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A surprisingly large number of countries have been able to finance a significant fraction of domestic investment using foreign finance for extended periods. While many of these episodes are in low-income countries where official finance is more important than private finance, this paper also identifies a number of episodes where a substantial fraction of domestic investment was financed via private capital inflows. That said, foreign savings are not a good substitute for domestic savings, since more often than not episodes of large and persistent current account deficits do not end happily. Rather, they end abruptly with compression of the current account, real exchange rate depreciation, and a sharp slowdown in investment. Summing over the deficit episode and its aftermath, growth is slower than when countries rely on domestic savings. The paper concludes that financing growth and investment out of foreign savings, while not impossible, is risky.
The 2017 Macroreport considers recent developments in the global economy and how they may affect Latin America and the Caribbean. It reviews how countries are adapting to external conditions and how those policies may be improved. This year, the report focuses particularly on deeper and smarter regional integration as an attractive route to boost productivity and growth. (View publication)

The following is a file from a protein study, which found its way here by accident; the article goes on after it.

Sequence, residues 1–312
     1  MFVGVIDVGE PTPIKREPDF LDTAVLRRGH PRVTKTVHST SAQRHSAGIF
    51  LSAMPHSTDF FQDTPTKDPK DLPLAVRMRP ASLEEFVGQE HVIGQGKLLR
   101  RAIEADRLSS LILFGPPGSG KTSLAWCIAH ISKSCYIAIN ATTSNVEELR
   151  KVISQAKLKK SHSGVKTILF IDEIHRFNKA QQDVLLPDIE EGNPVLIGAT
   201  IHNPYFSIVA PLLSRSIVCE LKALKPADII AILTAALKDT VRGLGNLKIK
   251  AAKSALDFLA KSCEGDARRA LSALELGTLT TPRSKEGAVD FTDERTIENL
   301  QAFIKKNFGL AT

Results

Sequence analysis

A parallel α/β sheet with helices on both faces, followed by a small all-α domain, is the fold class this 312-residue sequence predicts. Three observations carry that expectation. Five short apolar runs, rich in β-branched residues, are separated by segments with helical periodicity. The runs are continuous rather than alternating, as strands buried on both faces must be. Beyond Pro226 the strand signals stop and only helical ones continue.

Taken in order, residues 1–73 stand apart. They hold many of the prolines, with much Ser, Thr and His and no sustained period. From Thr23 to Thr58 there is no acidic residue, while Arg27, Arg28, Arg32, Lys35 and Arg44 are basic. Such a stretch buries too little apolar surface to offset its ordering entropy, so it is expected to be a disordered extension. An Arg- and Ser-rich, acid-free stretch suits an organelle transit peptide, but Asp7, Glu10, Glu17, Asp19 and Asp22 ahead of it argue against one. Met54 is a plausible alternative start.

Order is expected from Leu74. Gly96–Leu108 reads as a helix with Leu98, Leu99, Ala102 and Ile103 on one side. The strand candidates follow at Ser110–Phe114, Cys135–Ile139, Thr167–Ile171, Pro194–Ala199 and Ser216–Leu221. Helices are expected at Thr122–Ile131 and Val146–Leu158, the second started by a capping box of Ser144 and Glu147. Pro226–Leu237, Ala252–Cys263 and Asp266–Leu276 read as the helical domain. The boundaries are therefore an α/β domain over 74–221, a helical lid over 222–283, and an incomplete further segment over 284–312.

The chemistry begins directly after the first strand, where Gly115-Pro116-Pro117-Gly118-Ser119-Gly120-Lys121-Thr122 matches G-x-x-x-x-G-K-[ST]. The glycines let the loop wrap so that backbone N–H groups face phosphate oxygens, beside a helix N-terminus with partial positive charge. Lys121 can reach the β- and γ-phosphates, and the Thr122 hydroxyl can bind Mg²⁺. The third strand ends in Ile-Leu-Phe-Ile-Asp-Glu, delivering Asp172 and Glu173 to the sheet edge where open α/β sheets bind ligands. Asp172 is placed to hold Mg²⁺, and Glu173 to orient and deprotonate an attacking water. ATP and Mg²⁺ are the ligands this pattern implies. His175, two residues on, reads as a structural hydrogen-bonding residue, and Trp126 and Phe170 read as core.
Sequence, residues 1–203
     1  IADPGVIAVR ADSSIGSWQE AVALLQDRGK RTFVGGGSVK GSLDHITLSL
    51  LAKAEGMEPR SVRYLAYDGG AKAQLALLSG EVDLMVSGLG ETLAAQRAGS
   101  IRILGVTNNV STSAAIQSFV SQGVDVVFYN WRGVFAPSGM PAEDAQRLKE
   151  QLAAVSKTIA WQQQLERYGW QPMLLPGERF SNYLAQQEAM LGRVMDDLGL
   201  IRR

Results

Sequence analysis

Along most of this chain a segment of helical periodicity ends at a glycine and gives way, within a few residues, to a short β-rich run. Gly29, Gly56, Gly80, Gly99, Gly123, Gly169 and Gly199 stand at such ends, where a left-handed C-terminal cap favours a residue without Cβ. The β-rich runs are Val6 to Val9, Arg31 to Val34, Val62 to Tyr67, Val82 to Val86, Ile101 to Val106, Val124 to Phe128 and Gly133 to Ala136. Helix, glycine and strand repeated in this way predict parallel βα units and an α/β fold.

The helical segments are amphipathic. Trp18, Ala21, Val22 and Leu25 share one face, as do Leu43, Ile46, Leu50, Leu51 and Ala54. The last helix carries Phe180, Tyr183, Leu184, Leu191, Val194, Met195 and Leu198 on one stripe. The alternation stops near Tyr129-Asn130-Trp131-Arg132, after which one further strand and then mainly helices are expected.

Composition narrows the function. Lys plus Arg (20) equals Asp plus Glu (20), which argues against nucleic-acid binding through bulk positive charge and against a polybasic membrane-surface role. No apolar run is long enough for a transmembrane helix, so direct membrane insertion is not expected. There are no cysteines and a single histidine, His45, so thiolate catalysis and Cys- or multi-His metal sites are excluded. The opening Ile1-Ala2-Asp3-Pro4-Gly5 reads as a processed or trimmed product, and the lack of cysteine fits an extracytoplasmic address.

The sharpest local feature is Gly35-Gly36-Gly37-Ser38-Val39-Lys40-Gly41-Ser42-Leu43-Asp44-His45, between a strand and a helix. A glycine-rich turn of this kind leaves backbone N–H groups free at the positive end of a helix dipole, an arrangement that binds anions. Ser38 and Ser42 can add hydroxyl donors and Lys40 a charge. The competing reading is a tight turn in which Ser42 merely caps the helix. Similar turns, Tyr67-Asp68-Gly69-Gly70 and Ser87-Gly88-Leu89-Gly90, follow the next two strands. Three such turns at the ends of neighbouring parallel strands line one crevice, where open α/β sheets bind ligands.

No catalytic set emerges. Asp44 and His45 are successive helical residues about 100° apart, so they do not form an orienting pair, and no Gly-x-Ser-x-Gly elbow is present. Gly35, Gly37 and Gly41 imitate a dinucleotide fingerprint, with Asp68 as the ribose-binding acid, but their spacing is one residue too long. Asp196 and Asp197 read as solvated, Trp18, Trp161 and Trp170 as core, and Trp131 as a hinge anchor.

This paper explains in detail the external sustainability assessment approach given by the stock-flow relationship between the net external positions, non-income current account plus net capital transfers, and real exchange rate. This approach consists of determining the non-income current account over GDP that would stabilize a benchmark net foreign asset (NFA) position over the medium term, ... (View publication)
This manual explains in detail the external sustainability assessment approach following Castillo (2016), given by the stock-flow relationship among net external positions, non-income current account, 1 and real exchange rate. This approach consists of determining the non-income current account over GDP that would stabilize a benchmark net foreign asset (NFA) position over the mediumterm, and ... (View publication)
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